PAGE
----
Sonoran Style

Job #2130

Job Posting Details

Job # 2130 Sonoran Style

Posted Date
Sep 22, 2006 @ 19:37
Respond By
Sep 29, 2006
Word Count
0
Language
English
Gender
Male
Age Range
-
Category
Television
Market
-

Job Description

This is a feature segment for a television magazine program. We are looking for documentary or news feature style. Professional but conversational. Not a classic broadcast announcer style. An episode of this program can be viewed at this site:

http://www.tucson12.tv/programs/style.html

Word count: 331

Script:

Meet Roy and Ruby…the newest members of the William Brown family

Barb and Bill have been ranchers most of their lives.

Bill is a holster maker. But not just any holster maker…

His specialty is carving leather …creating images that tell the story of another time.

Bill grew up down the road in Bisbee…but decided to make “The town too tough to die”…home.

The William Brown Leather Company helps keep that history alive. You almost expect Wyatt or Doc to walk into this mom-and-pop shop.

In the end…it was the hobby he learned as a boy…that carried him into his future.

Finding someone to do leather work at the level Bill required…was no easy task. There are only about 50 craftsmen in the country.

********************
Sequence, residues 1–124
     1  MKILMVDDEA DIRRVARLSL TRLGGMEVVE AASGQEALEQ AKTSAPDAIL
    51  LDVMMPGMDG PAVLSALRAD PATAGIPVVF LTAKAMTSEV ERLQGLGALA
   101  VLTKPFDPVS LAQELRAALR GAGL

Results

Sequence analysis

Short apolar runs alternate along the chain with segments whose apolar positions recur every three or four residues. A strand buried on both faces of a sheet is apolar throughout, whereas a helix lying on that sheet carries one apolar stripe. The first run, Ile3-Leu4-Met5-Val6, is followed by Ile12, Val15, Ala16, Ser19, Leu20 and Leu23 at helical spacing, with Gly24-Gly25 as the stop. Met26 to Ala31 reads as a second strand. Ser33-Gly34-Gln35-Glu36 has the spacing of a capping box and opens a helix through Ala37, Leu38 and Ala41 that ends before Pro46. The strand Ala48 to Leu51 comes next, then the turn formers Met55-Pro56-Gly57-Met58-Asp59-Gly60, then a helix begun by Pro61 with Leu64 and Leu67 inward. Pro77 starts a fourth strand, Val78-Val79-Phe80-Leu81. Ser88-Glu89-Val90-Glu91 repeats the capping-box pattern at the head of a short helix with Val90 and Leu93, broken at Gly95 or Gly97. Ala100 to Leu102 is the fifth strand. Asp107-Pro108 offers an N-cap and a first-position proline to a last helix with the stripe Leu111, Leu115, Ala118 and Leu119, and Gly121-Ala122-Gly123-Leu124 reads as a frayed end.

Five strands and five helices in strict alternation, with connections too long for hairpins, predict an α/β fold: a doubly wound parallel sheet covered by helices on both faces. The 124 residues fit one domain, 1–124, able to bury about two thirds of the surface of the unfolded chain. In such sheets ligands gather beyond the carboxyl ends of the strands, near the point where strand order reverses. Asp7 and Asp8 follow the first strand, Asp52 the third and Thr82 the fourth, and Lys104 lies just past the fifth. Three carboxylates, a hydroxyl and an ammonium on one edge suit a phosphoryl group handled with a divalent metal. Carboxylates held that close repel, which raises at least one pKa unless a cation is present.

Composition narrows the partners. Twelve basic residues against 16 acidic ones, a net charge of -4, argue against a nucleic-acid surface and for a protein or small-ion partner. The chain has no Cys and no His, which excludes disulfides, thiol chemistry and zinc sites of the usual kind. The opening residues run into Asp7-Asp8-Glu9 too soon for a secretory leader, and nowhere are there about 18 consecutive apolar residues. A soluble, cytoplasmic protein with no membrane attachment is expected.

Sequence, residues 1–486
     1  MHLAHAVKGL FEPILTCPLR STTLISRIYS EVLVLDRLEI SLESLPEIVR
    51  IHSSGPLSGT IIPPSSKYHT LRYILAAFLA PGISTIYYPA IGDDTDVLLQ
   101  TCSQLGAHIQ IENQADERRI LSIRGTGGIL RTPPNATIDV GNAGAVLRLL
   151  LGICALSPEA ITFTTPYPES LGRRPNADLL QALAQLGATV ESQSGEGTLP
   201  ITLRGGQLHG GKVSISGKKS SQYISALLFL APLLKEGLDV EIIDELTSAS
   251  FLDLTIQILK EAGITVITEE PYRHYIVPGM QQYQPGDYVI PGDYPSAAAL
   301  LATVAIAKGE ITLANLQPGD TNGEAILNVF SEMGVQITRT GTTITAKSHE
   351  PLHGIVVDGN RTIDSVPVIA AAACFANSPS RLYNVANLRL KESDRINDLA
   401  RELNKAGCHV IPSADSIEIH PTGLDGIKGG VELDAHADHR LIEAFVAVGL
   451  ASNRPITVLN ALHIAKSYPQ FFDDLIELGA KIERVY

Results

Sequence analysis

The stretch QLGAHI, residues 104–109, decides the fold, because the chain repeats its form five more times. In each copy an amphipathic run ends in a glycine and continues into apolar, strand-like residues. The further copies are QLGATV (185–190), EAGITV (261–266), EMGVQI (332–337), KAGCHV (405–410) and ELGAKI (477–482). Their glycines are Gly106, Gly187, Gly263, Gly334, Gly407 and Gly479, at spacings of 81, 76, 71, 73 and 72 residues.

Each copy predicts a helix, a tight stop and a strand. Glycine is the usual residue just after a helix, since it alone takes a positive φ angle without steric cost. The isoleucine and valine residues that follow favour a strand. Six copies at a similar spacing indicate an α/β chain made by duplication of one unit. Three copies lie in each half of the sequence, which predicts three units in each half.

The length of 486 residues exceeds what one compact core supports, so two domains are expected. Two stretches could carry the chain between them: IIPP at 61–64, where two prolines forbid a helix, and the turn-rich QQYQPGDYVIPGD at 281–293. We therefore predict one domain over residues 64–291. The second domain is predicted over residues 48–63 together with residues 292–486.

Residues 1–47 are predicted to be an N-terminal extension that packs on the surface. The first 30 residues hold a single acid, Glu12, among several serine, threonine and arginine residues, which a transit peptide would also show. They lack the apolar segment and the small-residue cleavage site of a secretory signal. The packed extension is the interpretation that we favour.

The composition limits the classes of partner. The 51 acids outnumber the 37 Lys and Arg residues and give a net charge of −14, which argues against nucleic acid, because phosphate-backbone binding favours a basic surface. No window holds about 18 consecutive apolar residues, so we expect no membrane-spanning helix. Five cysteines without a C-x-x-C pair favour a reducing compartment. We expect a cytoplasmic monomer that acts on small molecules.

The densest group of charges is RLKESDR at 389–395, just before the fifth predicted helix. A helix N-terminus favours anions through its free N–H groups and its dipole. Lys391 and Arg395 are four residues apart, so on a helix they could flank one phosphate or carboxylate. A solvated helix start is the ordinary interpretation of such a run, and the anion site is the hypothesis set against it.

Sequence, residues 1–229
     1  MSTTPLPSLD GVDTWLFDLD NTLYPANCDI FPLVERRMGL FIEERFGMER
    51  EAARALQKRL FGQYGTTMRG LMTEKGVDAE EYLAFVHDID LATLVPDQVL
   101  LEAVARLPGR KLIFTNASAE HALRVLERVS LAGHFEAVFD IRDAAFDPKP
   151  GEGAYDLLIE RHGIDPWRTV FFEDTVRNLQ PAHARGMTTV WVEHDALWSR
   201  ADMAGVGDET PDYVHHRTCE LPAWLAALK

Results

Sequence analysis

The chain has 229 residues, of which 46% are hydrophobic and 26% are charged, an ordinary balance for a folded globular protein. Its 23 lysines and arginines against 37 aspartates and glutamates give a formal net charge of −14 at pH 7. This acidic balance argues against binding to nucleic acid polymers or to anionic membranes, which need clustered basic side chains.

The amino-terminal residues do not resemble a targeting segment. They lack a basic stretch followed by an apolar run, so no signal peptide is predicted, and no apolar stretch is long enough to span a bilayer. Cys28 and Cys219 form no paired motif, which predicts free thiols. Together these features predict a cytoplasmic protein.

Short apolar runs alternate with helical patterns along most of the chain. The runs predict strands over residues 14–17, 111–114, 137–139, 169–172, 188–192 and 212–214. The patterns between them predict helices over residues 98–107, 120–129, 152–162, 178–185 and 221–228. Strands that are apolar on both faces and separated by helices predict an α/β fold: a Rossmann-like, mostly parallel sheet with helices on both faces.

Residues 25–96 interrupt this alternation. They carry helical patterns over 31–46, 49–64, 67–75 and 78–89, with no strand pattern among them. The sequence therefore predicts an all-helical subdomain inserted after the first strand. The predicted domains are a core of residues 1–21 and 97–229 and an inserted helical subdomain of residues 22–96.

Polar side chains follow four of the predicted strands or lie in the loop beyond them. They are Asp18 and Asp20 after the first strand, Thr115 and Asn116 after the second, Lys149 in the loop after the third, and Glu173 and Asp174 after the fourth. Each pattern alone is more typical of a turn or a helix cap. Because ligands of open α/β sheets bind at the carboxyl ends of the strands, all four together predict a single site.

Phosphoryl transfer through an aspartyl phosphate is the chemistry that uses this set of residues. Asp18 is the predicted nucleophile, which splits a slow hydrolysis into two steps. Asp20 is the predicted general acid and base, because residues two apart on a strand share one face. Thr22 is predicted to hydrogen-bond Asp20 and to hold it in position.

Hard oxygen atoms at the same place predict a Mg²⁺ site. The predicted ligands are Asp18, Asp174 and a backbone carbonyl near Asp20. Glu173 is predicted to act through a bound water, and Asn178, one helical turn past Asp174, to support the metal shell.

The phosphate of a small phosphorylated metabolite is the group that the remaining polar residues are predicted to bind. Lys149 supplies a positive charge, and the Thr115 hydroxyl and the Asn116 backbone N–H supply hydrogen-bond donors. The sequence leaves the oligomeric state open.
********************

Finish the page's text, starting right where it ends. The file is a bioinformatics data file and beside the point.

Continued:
much of anything else.

The young boy was particularly enamored with the Lone Ranger.

Today Colin Taylor delights tourists with his own rendition of his boyhood hero…spurs jangling along the boardwalk. And the amazing thing? He grew up a long way from the old west.

Well after about 4 years of visiting…and sharing stories…Colin finally made the sale.

And while he may have grown up thousands of miles away in County Durham…his heart was already in America.

After working together for over 6 years…the cowboy and the Brit are silent companions in a backroom workshop filled with their grandfather’s tools. The smell of oil and leather hang in the air like the aroma of fresh brewed coffee.

Bill and Colin copy patterns of chaps and belts and holsters from old movies and use vintage saddle catalogs as guides.

Bill doesn’t call leather carving an art. He thinks of it as a craft…one that he doesn’t plan on giving up any time soon.

He says he’ll be carving till they throw dirt in his face.

This cowboy at heart…will always be at home on the range…as long as he has his wife Barb by his side…his horses and dogs in the corral…and his grandfather’s carving tools in hand.

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